Australia stalls raising the age of criminal responsibility

Australia, juvenile, detention

Top law officials in the country vacillate over the law that allows incarceration of children as young as 10 despite appeals from various quarters to increase the minimum age to 14.

Top law officials in the country vacillate over the law that allows incarceration of children as young as 10 despite appeals from various quarters to increase the minimum age to 14.

Australia’s Council of Attorneys-General was expected to announce its decision on whether they will raise the age of criminal responsibility in the country from 10 to 14. But much to the disappointment of campaigners, they postponed the decision till 2021 for the want to better alternatives to incarceration. For the lawyers, doctors and aboriginal activists who are calling for the government to stop jailing children as young as 10, this comes a blow.

Australia is one of the countries with the lowest age of criminal responsibility, on the same page as countries like England and Wales, all of whom are below United Nations standards. In countries in Germany the age is 14, in Portugal, it is 16 and several countries don’t prosecute children until they reach legal adulthood at 18. The UN Committee on the Rights of the Child recommended in 2019 that all countries adhere to a minimum age of 14.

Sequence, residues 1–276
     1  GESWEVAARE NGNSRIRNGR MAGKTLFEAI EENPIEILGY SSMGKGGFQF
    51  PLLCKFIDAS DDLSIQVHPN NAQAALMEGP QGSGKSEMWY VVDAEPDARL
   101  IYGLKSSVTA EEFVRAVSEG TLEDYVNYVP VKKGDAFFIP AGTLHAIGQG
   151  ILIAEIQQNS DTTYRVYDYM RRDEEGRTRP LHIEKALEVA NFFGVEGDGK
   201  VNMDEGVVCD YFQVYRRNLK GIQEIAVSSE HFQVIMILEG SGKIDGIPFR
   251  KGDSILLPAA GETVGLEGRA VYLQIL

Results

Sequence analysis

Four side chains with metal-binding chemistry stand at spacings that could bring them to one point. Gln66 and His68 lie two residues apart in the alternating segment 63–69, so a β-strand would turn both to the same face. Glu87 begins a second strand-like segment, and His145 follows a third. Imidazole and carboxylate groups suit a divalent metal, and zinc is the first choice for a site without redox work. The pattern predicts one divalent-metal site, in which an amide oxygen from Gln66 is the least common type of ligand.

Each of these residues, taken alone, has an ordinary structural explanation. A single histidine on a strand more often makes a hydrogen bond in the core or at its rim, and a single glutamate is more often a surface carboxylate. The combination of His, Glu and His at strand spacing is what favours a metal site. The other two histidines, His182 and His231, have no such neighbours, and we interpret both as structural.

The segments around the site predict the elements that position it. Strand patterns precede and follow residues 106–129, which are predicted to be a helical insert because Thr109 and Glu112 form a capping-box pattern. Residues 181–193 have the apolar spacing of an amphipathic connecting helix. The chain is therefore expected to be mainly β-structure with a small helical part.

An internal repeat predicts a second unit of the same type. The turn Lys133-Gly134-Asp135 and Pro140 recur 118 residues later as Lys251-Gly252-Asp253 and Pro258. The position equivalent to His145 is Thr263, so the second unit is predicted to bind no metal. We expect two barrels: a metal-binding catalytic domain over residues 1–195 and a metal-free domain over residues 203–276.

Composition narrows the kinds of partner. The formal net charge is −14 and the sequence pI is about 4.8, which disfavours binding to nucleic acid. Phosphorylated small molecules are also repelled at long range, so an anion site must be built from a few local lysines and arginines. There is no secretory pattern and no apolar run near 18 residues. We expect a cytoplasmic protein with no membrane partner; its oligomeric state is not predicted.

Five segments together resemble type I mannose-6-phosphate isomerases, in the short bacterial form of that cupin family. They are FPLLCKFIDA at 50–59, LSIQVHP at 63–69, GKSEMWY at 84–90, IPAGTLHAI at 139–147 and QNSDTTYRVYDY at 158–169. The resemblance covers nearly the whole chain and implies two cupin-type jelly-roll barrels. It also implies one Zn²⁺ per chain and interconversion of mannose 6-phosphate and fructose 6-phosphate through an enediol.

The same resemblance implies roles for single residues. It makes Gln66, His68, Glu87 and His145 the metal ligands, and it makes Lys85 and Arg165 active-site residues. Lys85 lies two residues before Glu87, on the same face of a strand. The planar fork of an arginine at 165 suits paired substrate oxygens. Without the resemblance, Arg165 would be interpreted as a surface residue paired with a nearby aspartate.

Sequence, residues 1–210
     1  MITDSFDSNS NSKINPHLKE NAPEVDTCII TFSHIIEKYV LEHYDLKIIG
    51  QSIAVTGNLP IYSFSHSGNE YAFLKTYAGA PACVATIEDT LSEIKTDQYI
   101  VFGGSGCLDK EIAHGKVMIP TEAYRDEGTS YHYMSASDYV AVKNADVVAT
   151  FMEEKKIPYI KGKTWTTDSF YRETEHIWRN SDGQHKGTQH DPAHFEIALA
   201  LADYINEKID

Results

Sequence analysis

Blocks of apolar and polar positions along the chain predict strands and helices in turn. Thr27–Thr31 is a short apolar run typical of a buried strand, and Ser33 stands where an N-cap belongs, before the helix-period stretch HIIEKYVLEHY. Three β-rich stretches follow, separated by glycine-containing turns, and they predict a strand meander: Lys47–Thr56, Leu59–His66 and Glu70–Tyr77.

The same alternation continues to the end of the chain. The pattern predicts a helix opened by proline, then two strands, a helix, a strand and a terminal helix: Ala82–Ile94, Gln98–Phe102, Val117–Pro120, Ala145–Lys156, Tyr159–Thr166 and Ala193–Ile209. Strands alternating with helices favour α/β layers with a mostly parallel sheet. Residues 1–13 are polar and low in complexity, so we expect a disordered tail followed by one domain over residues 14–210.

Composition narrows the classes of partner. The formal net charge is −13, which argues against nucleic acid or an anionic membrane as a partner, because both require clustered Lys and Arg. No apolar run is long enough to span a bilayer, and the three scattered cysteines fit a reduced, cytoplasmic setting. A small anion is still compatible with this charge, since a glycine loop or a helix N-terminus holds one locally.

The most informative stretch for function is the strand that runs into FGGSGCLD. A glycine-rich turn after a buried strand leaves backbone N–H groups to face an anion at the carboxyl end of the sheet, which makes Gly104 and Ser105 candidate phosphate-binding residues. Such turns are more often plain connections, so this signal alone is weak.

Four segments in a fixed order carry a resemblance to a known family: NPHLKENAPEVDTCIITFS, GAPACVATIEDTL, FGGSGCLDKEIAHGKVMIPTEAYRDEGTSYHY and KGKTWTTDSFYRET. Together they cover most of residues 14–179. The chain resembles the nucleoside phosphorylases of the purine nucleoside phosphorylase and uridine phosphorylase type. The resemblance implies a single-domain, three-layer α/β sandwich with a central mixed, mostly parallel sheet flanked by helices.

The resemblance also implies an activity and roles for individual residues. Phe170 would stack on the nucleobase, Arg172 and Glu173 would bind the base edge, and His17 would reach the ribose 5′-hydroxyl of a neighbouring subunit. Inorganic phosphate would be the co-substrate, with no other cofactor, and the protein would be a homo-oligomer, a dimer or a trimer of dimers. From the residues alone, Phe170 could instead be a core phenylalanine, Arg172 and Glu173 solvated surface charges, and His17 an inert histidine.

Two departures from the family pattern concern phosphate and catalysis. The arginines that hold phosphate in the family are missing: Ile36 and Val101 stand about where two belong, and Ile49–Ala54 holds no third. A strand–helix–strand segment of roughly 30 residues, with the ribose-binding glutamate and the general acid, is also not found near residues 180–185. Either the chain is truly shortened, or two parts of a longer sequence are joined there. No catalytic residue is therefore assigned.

The fight for this in Australia has taken on particular significant after the Black Lives Matter movement as the majority of the children between 10-13 who have been detained are from indigenous communities like Aboriginals or Torres Strait Islanders. There are at least 600 such children in the system currently and over 65% of them are from these communities. But these communities only make up 3% of the whole population. These children are also jailed at a rate that is 17 to 43 times higher than non-indigenous children.

Indigenous groups say community-led efforts that can intervene during the early years and address underlying causes like lack of housing, development or unsafe home environments, with support being extended to both parents and children. Research suggests that most Australians support increasing the minimum age for trial and detention. Legal groups have said for long that detention of young children doesn’t prevent crime in their later years. In fact, it might end up steering them into a life behind bars. They advocate treating such children through proper healthcare and behavioural channels rather than punishing them, which is in detriment to their mental growth.

Senior Reporter

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